Bishop Tutu’s teachings are ever wise, but we must remind ourselves that when he refers to “persons,” he does not mean individual people. He means all of us together. For, if a church is really to become “the Church,” then systemic change must happen; the shift in attitude from religious monoculture to pluralism is needed. This is a deeper work is more than just finding my humanity in yours, but rather dawning a new paradigm in how we relate to one another.
Church leadership consultant Bill Kondrath describes this pluralistic worldview as one which, “accepts, understands, celebrates, and utilizes differences. It refuses to see differences as better than and less than, higher or lower.” Kondrath explains that,
Paul, speaks of “The freedom of the glory of the children of God,” which is the new creation (Rom. 8:21). This attitude of justice and equality is exemplified today in congregations that sing and pray in the diverse languages spoken by their people and in “open and affirming” congregations that welcome and incorporate gay, lesbian, bisexual and transgendered people as equal members. The movement from a dominant, power-over, judgmental worldview to a more just, more equitable process is ongoing and occurs on many levels. (39-40)
But how do we get there?
In her “Multicultural Process of Change”–an important source in my dissertation research on disciplines for nurturing congregational life and vitality–Valerie A. Batts, the Executive Director of the diversity and inclusion consulting firm, Visions, points to an “Emancipatory Consciousness Social/Economic Justice” pathway that insists that an institution must recognize, understand, appreciate, and utilize differences in order to become a pluralistic community.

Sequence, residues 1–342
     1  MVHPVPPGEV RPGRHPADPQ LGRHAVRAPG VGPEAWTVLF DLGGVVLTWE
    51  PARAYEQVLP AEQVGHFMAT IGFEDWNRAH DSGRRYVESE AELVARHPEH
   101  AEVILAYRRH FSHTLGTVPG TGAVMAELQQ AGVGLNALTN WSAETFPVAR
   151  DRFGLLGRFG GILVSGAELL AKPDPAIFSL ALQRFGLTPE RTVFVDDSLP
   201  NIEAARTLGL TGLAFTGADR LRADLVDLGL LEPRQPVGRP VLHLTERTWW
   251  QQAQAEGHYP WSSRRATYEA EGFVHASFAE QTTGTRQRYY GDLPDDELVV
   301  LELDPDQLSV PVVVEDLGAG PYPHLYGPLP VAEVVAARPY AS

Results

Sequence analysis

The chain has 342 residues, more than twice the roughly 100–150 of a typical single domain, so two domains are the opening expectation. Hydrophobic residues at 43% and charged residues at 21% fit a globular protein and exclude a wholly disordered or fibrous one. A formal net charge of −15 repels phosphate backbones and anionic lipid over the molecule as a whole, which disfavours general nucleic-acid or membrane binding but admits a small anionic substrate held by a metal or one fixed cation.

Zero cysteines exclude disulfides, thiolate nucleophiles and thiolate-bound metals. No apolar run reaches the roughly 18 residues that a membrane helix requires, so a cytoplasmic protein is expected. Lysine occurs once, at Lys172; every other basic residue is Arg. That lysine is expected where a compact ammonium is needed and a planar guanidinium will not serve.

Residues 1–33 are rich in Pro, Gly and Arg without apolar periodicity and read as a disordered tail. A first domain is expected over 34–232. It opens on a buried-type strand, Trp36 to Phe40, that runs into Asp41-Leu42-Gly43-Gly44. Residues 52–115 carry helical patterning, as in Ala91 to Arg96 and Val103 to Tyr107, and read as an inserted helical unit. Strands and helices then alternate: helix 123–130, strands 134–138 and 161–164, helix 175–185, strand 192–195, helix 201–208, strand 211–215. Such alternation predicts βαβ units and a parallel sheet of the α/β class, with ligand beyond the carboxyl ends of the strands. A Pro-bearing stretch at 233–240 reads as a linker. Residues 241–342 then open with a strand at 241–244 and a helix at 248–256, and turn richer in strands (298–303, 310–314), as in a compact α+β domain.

In this context, becoming church means:
• It’s not enough to feel a sense of kinship with another person. The core of their humanity in its differences, similarities and vagaries must be recognized by individuals and the institution.
• It’s not enough to stand in solidarity with a person who is different from you. Acts of courage and courageous leadership must exist so that differences can be understood.
• It’s not enough like a person from a different race. Appreciation must exist systemically.
• It’s not enough to claim diversity in a congregation, diocese or judicatory. Rather, only when an institution utilizes differences in places of power will change occur.
That’s a tall order considering the long, monocultural history of Mainline Protestant, Evangelical Protestant, and Roman Catholic Churches.
As in all Mainline and Catholic Churches in the United States, not only is there a downward trend in membership also that more than 85% percent of our congregations are monoculture, while 3% are black, 6% Latinx, and 3% mixed or other. Ironically, many of those congregations now find themselves in changed environments. The majority of the United States is now non-white, and churches like the Episcopal Church have mostly greying, white communities.
All this may seem like impossibly bad news.
It’s not. While much of the news is grim, and many young people are looking beyond the institution of the church to meet their spiritual needs, those leaving still hunger for what only a robust, engaged spirituality can offer.
The Church has an opportunity to become that which it is called by Jesus Christ to be: The kingdom of God for all people! Pluralism is the face of the church becoming.
Guided by need for authenticity, the up-and-coming generations I’ve encountered and who have dared to come, even stay at the church I serve tell me that they want to be a part of a community that is actively seeking to honor differences and live into an image of the reign of God that recognizes, understands, appreciates, utilizes and celebrates differences. What young people want is not the church that has arrived, but rather, a church on the way.
That leaves me with hope, because, as the Irish are fond of saying, “God is the space between us.”